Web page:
In 2015 the United Nations General Assembly declared 11th February as a day to celebrate, recognise and encourage women and girls in STEM fields around the world! This initiative hopes that increased visibility will strengthen interest and support for the next generation of girls who want develop their passions for science.
We are delighted to see a mix of the new and familiar from our late 2020 call for nominations for members of our governing Council. As none of the available positions were contested, our Returning Officer (Dr William Birch AM MRSV) has declared the these RSV members elected to these roles for a two year period, commencing from the next Annual General Meeting (set for May 2021). Our thanks to these members for their willingness to lead the Society and shape its future; we wish everyone every success during their tenure. Current Officers and Councillors of the Society will continue in their roles until they variously expire at the Annual General Meetings set for 2021 and 2022, including our incumbent President David Zerman, who will continue on the leadership team as our Immediate Past President following the May AGM.
Industry 4.0 is the next industrial revolution, utilising digitalisation to create a smarter, self-correcting manufacturing processes. Bringing this new industrial age together with science is Professor Bronwyn Fox, winner of the 2020 Medal for Excellence in Scientific Research. Her journey with carbon fibre production saw the develop a more efficient fabrications process for composite materials, and also had her involved with Quickstep and their new composite material process. At the time a small start-up, Quickstep is now the largest Australian independent manufacturer of composite materials, and Bronwyn took this entrepreneurial mindset and founded Deakin University’s Carbon Nexus facility. Professor Bronwyn Fox continued her research into renewable carbon fibre and established yet another facility – the National Industry 4.0 Testlab – which focuses on 3D printing of composite materials.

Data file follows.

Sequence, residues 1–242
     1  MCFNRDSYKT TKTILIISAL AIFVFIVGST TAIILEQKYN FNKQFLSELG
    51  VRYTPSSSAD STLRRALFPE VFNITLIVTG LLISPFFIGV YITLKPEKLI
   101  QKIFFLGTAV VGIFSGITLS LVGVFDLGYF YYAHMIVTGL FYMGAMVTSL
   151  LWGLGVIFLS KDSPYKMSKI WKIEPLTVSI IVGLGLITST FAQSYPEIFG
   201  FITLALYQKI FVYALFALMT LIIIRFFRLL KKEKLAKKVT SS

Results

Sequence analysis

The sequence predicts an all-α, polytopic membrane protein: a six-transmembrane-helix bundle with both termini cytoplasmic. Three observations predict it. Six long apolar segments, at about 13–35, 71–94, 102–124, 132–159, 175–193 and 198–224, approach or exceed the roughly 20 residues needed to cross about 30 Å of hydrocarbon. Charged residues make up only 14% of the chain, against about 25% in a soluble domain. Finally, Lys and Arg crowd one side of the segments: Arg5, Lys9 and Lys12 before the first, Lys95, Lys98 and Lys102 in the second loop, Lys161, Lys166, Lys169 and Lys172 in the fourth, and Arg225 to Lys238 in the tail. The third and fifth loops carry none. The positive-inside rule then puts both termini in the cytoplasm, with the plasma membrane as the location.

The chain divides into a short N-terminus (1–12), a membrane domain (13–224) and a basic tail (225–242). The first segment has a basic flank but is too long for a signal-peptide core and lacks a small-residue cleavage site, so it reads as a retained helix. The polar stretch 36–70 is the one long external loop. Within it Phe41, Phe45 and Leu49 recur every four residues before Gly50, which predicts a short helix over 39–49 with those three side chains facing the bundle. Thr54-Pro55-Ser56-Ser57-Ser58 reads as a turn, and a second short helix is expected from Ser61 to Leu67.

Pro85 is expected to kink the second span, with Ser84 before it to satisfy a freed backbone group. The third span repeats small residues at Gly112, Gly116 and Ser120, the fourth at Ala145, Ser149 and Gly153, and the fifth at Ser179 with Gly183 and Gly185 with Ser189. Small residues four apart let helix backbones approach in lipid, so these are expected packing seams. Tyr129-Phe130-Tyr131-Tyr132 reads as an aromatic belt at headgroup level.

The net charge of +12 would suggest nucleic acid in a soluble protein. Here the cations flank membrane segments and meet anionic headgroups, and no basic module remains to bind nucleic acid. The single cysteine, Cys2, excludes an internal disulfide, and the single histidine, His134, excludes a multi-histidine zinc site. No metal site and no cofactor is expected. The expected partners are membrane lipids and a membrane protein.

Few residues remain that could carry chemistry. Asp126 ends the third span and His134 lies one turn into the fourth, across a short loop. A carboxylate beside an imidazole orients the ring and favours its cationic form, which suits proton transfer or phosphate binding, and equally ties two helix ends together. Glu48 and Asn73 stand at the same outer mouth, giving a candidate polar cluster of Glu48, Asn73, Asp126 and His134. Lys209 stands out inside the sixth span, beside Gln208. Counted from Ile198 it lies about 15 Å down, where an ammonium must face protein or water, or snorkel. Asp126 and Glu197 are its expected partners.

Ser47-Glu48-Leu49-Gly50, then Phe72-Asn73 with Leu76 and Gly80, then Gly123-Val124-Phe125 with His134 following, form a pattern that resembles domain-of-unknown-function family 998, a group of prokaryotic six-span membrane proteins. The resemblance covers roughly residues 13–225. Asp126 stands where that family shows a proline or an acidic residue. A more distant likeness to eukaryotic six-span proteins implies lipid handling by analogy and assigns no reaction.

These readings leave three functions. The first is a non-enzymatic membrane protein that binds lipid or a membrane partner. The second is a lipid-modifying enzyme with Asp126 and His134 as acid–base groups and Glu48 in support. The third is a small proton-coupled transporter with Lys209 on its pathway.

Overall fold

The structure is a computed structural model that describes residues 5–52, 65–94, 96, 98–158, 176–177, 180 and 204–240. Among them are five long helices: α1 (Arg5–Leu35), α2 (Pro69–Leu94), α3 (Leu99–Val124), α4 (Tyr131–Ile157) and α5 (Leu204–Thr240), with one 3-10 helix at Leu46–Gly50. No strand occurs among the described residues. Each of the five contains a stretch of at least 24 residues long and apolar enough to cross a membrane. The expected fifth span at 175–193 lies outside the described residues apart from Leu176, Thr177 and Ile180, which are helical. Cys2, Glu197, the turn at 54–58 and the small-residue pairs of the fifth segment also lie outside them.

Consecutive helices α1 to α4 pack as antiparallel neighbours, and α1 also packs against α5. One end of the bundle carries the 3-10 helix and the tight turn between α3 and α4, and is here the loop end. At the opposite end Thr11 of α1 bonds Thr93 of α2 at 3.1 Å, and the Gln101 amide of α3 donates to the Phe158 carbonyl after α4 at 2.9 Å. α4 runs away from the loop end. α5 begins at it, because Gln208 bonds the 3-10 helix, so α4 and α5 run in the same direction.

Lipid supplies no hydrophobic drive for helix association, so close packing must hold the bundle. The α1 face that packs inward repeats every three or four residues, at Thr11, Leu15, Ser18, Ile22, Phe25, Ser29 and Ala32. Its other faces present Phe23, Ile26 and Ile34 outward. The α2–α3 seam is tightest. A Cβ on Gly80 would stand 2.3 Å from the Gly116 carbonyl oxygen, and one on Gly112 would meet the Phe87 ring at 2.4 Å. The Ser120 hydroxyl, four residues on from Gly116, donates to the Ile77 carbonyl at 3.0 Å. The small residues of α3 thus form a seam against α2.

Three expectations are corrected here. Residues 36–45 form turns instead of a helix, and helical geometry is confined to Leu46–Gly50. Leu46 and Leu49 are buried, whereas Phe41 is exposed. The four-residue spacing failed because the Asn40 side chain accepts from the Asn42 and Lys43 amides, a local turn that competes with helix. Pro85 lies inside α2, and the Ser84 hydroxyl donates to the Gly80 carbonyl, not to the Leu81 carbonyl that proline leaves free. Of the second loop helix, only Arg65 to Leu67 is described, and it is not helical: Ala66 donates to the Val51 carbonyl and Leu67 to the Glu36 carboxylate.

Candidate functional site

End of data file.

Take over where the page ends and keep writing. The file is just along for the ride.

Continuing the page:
What does DNA, snowflakes and the hydrophobic effect have in common? They are all example of molecular self-assembly! Inspired by this process of nature, Dr Nisa Salim used attractive and repulsive forces to influence molecules to interact, and in doing so created an array of nanostructures capable of becoming solar cells, drug delivery systems, and in her newest venture – manipulating carbon fibre to be stronger than steel, lighter than aluminium and even electrically conductive! For her work in carbon manufacturing, Dr Nisa Salim was awarded the 2020 Phillip Law Postdoctoral Award for the Physical Sciences and explains how a nature-inspired approach to manufacturing can be the key to many issues facing our time – from climate control, water management and even high speed travel.
Stewardship describes a deep relationship between people and place. In modern Australia, it is often proposed as the next step of transition for a culture that is emerging from a colonial, extractive relationship to the landscape. The transition to stewardship may require we reorganise around the unique characteristics of the country, undertake significant regeneration of damaged ecosystems and deprioritise constant economic growth in favour of an enduring sufficiency gathered from a prosperous and biologically diverse environment. Join members of all the Royal Societies in Australia for this unique series of three webinars, seeking a new model for the management of the Australian landscape so that our natural systems are conserved and regenerated for the benefit of future generations.